Though the overall numbers are expected to remain weak, sectoral performance, just like the first quarter, will vary in the coming quarters as well. “Sectors such as telecom and banks will continue to struggle in the coming quarters too,” says Shekhar. The aggregate net profit of telecom services sector fell 395% due to the onslaught by Reliance Jio. The cut-throat competition in telecom is still continuing and it may take few more quarters before things settle down. Corporate-focused public sector financial firms such as SBI are still under pressure due to their ballooning non-performing assets (NPA). Since contribution from the financial segment to the market is big, overall earnings revival is not possible unless this sector gets out of the wood. “Two big exporting sectors, IT and pharma, are also not doing well now,” points out Shekhar. In addition to the growth worries in facing IT and pharma, the appreciating rupee is another factor that is hurting them.

Telecom sector drags down earnings
Growth is likely to stay muted in the second quarter as well.

Corporate profits downslide continues in Q1 of 2017-18 due to GST
Based on 2,418 companies. Compiled by ETIG Database.*Net profit fall is more than 100% because the industry reported losses this quarter compared to profit for the same period last year.

Base metal is one segment that is expected to improve its performance in the coming quarters. “Base metals prices have started rising, so companies from these sectors may report good numbers in the second quarter,” says Agrawal. Base metals, especially the nonferrous metals like aluminium, nickel, copper, zinc, etc., have rallied in the recent past because of the production restriction imposed by China. A result of the crackdown for environmental violations, these restrictions have eliminated the surplus production from the market.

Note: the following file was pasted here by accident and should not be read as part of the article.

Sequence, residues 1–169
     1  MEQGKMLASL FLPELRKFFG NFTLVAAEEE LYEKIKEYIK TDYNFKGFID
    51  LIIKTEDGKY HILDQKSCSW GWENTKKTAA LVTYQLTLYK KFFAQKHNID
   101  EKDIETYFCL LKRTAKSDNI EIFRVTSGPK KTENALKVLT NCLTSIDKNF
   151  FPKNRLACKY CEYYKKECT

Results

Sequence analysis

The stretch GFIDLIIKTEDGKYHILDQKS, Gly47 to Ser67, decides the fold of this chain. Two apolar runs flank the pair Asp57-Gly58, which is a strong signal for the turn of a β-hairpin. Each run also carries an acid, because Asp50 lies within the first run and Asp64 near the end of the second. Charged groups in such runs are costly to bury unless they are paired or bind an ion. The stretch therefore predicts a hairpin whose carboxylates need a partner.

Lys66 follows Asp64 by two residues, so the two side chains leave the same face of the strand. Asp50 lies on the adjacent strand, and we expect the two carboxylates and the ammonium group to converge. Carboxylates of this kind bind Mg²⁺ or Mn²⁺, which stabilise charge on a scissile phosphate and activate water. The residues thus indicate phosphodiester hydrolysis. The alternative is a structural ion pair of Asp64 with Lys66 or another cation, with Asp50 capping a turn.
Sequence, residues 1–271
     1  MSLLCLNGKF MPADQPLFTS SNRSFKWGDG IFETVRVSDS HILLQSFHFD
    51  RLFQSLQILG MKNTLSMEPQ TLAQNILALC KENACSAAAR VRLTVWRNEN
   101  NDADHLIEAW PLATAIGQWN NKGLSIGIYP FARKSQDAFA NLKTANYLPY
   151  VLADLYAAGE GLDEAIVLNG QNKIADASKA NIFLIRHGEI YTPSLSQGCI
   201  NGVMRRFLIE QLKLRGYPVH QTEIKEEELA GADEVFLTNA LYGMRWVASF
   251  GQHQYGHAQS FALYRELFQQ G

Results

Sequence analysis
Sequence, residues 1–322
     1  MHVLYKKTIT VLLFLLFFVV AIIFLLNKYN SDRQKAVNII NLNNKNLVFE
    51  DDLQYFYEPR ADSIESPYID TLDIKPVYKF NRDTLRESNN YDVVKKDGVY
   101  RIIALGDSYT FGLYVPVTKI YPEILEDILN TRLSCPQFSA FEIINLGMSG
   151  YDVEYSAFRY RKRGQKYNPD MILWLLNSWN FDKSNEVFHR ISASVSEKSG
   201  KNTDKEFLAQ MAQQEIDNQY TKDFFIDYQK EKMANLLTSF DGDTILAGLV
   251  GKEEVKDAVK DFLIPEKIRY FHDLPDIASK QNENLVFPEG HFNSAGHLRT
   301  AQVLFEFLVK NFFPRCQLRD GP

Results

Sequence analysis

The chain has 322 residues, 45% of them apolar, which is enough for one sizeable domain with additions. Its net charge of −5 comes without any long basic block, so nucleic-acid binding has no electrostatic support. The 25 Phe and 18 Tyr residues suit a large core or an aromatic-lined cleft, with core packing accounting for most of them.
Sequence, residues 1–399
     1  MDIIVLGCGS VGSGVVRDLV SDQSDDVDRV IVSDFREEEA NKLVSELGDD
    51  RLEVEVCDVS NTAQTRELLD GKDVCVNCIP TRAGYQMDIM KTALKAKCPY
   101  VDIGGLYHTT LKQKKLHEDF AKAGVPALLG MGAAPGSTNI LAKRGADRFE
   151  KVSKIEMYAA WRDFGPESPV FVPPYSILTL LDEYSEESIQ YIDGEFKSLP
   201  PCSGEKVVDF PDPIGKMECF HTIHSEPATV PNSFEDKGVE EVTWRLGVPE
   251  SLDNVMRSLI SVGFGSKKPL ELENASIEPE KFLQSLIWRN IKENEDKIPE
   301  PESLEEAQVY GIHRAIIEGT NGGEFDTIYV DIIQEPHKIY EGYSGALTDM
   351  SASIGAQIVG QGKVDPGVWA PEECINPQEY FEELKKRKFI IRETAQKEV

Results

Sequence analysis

COMPANIES HOLD CAPEX
Sustained economic growth is possible only when the investment demand picks up and, for that, companies need to start investing in new plants. Experts believe that the pick-up in investment demand won’t happen anytime soon. “It will take at least one more year for the investment demand to pick up,” says Agrawal. Low capacity utilisation is the main reason why companies have been holding capital expenditure. They won’t set up new capacities till utilisation levels improve. “In addition to low capacity utilisation, nonavailability of credit is another issue,” says Shekhar. Though the banking system is flush with cash on account of the deposits in the wake of demonetisation, banks are not in a good shape to lend to large projects due to their NPA issues.

WHAT SHOULD INVESTORS DO?
Investors need to be careful because the market is holding out at higher levels, despite the weak corporate numbers. And valuation continues to be at elevated levels, despite the recent correction. While the Sensex PE (price-equity ratio) is placed at 23.48, Nifty is trading at a PE of 25.28. “Investors should stick to market leaders and not attempt bottom fishing,” says Shekhar.